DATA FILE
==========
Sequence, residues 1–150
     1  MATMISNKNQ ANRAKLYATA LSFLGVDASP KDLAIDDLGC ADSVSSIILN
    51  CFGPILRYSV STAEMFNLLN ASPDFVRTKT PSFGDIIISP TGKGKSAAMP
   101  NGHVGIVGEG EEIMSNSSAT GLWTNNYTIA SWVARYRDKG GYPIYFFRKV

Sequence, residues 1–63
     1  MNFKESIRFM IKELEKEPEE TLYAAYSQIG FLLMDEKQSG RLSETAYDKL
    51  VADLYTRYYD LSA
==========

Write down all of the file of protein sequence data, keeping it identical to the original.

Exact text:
Sequence, residues 1–150
     1  MATMISNKNQ ANRAKLYATA LSFLGVDASP KDLAIDDLGC ADSVSSIILN
    51  CFGPILRYSV STAEMFNLLN ASPDFVRTKT PSFGDIIISP TGKGKSAAMP
   101  NGHVGIVGEG EEIMSNSSAT GLWTNNYTIA SWVARYRDKG GYPIYFFRKV

Sequence, residues 1–63
     1  MNFKESIRFM IKELEKEPEE TLYAAYSQIG FLLMDEKQSG RLSETAYDKL
    51  VADLYTRYYD LSA